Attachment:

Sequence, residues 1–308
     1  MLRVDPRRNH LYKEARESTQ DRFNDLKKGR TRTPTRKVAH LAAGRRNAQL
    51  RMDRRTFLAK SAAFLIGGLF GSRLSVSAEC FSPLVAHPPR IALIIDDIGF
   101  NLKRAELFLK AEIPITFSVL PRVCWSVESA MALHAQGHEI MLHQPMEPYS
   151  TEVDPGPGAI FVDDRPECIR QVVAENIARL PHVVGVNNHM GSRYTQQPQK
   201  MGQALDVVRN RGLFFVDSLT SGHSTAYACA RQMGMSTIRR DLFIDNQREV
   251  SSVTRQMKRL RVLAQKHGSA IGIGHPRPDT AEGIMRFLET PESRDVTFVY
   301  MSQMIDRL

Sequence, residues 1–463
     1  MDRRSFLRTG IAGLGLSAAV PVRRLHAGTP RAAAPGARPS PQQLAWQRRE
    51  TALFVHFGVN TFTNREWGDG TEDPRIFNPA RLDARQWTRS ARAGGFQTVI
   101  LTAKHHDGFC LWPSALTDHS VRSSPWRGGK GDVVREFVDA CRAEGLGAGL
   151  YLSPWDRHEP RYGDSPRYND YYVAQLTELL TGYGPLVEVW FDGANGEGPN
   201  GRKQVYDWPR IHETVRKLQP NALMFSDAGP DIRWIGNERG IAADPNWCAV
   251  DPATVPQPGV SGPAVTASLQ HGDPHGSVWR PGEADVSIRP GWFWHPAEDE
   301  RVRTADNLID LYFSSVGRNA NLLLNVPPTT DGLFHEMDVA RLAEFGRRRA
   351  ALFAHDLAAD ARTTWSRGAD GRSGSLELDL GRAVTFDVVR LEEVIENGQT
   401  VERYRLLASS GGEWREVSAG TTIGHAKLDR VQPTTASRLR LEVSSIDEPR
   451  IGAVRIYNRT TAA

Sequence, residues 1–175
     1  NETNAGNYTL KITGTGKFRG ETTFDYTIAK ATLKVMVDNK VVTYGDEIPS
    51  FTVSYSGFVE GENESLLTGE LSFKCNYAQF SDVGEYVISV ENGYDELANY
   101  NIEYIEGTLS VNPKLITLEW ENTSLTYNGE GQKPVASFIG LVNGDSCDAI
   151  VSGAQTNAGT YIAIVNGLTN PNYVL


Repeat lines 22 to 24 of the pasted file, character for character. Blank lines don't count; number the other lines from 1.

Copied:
    51  FTVSYSGFVE GENESLLTGE LSFKCNYAQF SDVGEYVISV ENGYDELANY
   101  NIEYIEGTLS VNPKLITLEW ENTSLTYNGE GQKPVASFIG LVNGDSCDAI
   151  VSGAQTNAGT YIAIVNGLTN PNYVL